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-   -   Cleaning and repairing the Shellac clear coat on Vintage sewing machine heads (https://www.quiltingboard.com/vintage-antique-machine-enthusiasts-f22/cleaning-repairing-shellac-clear-coat-vintage-sewing-machine-heads-t193635.html)

jpete523 05-20-2013 04:19 PM

Glenn, I'm cleaning a machine head and there's a milky-white film everywhere I have wiped with the denatured alcohol and linseed oil. Am I doing something wrong or should I keep going until this stops appearing? Also, I am confused about when it is necessary to use the aniline dye. Finally, is it necessary to clean off the alcohol/oil solution before applying the shellac? Thank you so much for sharing your expertise with us!

Jan

Glenn 05-20-2013 05:07 PM

[QUOTE=jpete523;6075961]Glenn, I'm cleaning a machine head and there's a milky-white film everywhere I have wiped with the denatured alcohol and linseed oil. Am I doing something wrong or should I keep going until this stops appearing? Also, I am confused about when it is necessary to use the aniline dye. Finally, is it necessary to clean off the alcohol/oil solution before applying the shellac? Thank you so much for sharing your expertise with us!

Hi Jan, Was the white film on the machine before you started cleaning or did start to show after cleaning? I need to know what type of machine you have Singer? with the black japan finish. The aniline dye is mixed with shellac to a paint consistency and used to touch up chips and areas that are missing the black. No need to remove the alcohol and linseed oil because you will be using the linseed oil when applying the shellac. But first we need to find out about the white film. Could you post a pic please. I would not do anything else until we find out what the film is. If your machine is not a singer it may not have a shellac clear coat. So a pic would help me see what is going on and I can advise you on the correct method of fixing the problem. My feeling is that if this happened while cleaning the clear coat it may not be shellac. I am always glad to help a fellow Texan. Born in Decatur. Waiting for your next post Skip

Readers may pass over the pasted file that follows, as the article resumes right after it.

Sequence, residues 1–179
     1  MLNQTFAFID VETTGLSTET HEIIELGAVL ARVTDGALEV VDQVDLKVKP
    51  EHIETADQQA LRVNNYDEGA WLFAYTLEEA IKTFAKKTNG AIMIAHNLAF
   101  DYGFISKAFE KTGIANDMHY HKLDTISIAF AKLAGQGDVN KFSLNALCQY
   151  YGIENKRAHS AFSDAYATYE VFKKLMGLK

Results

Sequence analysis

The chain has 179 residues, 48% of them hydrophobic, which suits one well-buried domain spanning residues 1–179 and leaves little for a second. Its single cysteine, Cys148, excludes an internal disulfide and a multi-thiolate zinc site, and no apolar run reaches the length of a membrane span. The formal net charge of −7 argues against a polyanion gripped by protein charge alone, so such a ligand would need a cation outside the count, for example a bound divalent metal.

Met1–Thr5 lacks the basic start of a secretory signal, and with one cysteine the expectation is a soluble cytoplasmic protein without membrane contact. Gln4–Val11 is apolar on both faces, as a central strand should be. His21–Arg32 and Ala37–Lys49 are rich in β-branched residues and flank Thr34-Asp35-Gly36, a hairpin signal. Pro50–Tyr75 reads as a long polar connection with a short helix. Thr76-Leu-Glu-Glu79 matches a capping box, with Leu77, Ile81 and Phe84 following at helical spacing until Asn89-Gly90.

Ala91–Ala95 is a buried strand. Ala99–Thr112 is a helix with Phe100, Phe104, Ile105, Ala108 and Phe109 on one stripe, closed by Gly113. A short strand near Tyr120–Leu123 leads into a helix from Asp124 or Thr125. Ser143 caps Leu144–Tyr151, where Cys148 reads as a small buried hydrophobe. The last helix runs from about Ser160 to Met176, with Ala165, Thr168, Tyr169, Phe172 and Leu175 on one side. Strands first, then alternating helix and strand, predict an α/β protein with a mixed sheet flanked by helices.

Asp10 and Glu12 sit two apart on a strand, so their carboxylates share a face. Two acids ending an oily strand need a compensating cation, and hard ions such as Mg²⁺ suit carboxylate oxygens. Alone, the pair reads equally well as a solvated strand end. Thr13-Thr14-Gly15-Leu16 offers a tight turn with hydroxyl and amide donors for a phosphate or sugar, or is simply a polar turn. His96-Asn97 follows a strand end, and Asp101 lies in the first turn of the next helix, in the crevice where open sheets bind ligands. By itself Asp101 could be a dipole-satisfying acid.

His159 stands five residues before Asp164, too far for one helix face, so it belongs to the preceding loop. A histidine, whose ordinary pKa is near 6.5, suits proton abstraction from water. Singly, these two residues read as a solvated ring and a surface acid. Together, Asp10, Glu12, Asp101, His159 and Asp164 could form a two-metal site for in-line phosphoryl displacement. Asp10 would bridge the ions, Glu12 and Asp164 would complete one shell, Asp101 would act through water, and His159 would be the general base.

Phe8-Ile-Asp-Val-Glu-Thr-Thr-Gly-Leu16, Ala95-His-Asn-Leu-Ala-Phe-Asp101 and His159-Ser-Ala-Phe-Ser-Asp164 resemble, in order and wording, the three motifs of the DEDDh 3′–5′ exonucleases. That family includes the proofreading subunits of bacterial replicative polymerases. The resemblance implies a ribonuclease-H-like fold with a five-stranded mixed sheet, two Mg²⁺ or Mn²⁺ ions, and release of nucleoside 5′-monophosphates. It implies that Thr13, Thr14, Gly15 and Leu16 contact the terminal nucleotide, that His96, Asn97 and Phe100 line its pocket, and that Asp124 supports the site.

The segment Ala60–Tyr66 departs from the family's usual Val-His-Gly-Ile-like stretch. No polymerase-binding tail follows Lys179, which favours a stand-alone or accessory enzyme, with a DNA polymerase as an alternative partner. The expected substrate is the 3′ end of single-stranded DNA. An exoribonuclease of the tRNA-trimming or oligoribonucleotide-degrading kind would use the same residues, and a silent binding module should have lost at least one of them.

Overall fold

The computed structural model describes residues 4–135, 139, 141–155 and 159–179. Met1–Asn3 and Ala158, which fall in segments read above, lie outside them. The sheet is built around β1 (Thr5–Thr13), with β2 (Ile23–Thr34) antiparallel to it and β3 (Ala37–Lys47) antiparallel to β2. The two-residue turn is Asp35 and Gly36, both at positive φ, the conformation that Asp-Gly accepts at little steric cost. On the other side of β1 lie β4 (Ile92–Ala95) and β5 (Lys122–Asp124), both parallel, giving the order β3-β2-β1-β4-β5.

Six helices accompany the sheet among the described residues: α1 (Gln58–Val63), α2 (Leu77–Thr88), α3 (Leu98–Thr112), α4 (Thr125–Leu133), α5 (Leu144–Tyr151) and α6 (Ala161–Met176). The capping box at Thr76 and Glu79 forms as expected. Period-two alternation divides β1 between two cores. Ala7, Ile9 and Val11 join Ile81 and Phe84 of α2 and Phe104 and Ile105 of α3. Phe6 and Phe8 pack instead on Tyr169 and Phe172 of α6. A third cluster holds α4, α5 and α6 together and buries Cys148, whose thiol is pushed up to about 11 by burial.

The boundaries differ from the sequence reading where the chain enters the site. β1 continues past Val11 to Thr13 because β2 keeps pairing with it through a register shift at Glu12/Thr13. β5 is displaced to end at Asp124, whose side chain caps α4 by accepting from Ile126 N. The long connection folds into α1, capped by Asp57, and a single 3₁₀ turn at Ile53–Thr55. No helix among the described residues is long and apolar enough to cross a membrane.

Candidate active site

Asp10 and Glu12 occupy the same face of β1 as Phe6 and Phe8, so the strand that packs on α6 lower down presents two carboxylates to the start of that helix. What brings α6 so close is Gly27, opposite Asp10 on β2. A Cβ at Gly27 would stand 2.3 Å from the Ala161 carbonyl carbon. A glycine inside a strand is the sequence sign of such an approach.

Mizkaki 05-20-2013 05:20 PM

Who do I contact to deal with a problem (technical) on this forum? I can't see any posting past 140 even though there are 142 posts listed. I doubt that I can see this post of mine. I am not having any problems with any other forum.

Cathy

Glenn 05-20-2013 05:29 PM


Originally Posted by Mizkaki (Post 6076058)
Who do I contact to deal with a problem (technical) on this forum? I can't see any posting past 140 even though there are 142 posts listed. I doubt that I can see this post of mine. I am not having any problems with any other forum.

Cathy

Cathy I had the same problem but it corrected itself. I dont know what happened. I would contact the moderator and see how to get in touch tech support.

miriam 05-20-2013 05:47 PM

I used rubbing alcohol on a Singer 99 to clean the tar stuff off. The shellac turned white. Can I put new shellac on over it or will it always be white? The poor machine sews fine - kinda ugly.